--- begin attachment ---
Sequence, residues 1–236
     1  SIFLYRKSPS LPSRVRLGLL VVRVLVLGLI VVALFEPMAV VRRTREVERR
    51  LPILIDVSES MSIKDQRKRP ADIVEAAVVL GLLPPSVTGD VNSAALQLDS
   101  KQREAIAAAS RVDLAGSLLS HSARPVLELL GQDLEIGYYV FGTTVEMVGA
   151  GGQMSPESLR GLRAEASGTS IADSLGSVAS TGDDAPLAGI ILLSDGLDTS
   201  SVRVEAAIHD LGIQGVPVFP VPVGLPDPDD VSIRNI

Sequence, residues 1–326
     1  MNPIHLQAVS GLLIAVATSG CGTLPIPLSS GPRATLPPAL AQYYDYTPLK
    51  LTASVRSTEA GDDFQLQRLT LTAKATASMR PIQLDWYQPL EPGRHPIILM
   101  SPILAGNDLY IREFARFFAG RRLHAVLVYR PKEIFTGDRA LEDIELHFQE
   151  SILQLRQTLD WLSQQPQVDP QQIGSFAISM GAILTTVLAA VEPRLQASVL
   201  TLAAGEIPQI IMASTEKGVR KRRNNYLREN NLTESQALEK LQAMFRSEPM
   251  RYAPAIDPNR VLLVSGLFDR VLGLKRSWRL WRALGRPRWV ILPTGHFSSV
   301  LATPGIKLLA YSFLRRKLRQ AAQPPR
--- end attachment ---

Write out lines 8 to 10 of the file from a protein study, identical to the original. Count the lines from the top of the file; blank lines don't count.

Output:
     1  MNPIHLQAVS GLLIAVATSG CGTLPIPLSS GPRATLPPAL AQYYDYTPLK
    51  LTASVRSTEA GDDFQLQRLT LTAKATASMR PIQLDWYQPL EPGRHPIILM
   101  SPILAGNDLY IREFARFFAG RRLHAVLVYR PKEIFTGDRA LEDIELHFQE